In travel, we interact with customers in a different way from almost every other retailer. We spend more time with our clients and learn more about them (sometimes it can even get really personal).
Which is why it’s a pleasure to have great clients. And awful to have ones that don’t click with us.
The truth is, not every client is going to be a good fit. And if you’ve been in the business a while, you probably have more than a handful of these. Remember, we cannot be everything to everyone, no matter how hard we try.
This is your business, and it’s so important to understand and prioritize what is best for it – and for you.
An existing or potential good client may be a timewaster (AKA a tire-kicker): asking for everything and purchasing nothing, or worse, going straight to the supplier to purchase after you’ve done all the research. Are they taking so much of your time that the ROI isn’t worth it? Are they constantly negotiating with you, changing plans, dates, destinations?
Having a lot of clients does not always mean a lot of revenue. Being the business owners you are, take some time to review all of your clients for the past few years. How many do you have? How much have they spent with you? And most importantly, how much revenue are they bringing in? Do you have too many clients that you’re not earning enough from, and how much time are you spending on those bookings? This is important to understand. You can have 15 clients that bring you more money than 100!
For new clients, introduce your service fees early in the conversation (I’ve said this before). This alone will give you insight into whether they’re a potential valuable client. If you get push-back or if you don’t think it’s going to be a good fit, there are a few diplomatic phrases you can use from the get-go:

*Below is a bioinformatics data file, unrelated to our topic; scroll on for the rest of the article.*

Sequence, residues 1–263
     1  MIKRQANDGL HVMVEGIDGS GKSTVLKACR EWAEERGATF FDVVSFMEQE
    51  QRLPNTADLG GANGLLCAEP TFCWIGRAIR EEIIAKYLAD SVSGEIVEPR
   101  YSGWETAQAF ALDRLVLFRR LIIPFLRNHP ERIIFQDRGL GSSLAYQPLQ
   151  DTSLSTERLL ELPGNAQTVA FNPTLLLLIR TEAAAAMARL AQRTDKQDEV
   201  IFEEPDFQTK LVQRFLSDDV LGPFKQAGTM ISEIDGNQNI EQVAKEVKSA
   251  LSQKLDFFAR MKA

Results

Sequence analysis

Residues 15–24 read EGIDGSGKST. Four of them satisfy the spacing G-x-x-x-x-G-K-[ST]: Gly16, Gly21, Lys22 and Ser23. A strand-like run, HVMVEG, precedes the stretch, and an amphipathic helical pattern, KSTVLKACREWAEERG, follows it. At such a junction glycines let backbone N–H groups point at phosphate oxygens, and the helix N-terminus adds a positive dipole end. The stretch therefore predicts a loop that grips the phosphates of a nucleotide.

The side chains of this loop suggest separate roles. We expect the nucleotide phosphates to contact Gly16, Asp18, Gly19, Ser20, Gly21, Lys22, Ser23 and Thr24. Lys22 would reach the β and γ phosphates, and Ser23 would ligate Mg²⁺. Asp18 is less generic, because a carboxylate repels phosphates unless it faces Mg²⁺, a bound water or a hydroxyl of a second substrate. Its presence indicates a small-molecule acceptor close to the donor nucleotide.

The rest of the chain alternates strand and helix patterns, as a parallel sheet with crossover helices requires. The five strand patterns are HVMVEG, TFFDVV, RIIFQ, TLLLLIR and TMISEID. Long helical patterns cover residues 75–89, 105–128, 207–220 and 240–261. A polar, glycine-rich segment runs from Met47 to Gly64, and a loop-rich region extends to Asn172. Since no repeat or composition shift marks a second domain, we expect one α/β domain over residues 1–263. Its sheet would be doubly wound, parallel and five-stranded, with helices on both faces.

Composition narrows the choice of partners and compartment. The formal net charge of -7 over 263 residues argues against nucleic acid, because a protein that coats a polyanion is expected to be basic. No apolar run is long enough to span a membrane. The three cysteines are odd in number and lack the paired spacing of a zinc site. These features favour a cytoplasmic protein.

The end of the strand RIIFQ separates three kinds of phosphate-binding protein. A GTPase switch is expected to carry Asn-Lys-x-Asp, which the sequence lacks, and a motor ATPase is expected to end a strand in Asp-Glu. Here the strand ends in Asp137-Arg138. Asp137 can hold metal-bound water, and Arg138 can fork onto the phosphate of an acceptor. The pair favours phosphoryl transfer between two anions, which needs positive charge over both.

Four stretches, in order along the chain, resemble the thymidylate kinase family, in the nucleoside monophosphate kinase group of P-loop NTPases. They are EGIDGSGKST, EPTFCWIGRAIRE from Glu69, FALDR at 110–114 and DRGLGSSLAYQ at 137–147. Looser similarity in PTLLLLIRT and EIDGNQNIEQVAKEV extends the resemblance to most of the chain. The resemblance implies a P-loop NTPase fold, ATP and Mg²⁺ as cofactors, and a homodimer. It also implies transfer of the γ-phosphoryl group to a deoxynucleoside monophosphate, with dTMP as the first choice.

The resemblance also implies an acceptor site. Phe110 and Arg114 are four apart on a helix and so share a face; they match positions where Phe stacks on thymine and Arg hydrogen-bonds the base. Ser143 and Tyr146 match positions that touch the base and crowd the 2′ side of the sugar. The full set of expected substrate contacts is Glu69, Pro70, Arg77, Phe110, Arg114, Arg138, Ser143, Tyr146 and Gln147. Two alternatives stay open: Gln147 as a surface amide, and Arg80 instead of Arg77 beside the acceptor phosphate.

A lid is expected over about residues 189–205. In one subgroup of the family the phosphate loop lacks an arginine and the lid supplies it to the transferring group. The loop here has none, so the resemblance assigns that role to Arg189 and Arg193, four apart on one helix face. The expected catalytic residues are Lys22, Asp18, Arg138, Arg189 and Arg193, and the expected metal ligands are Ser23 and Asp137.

- “My fees are part of my service, and I don’t waive those.” And don’t apologize for charging fees!
- “If you feel you can get it cheaper elsewhere that may be the best way for you to book.”
- “I don’t believe I’m the best person to help you with this.” And, if you are feeling well-disposed to them: “I may be able to recommend a different travel advisor you can work with.”
If this is an existing client you’ve been working with for some time and you’re sure it’s not in your best interest to continue working with them, here are some stronger messages:
- “I am unable to assist you with your trips, but I have a colleague whom I’ve brought up to speed and they’d be more than happy to work with you going forward.” If you don’t have a back up for them, you can absolutely feel comfortable simply breaking up with them! It’s hard and may be uncomfortable, but it’ll be worth it.
- “If we don’t find something that works for you within the next day, I’m afraid I’m going to have to give up this search.”
- If they become abusive or rude, try, “This is not a conversation I am prepared to have.”
Yes, you may lose a few clients, and maybe even referrals, but it is more important you recognize your own value, feel comfortable about your profession, and who you work with.
Sometimes firing a client can be the most rewarding thing you do all day!
Joelle Goldman is the Vice President of Host Services & Luxury Hotel Programs for Direct Travel in North America. She can be reached at firstname.lastname@example.org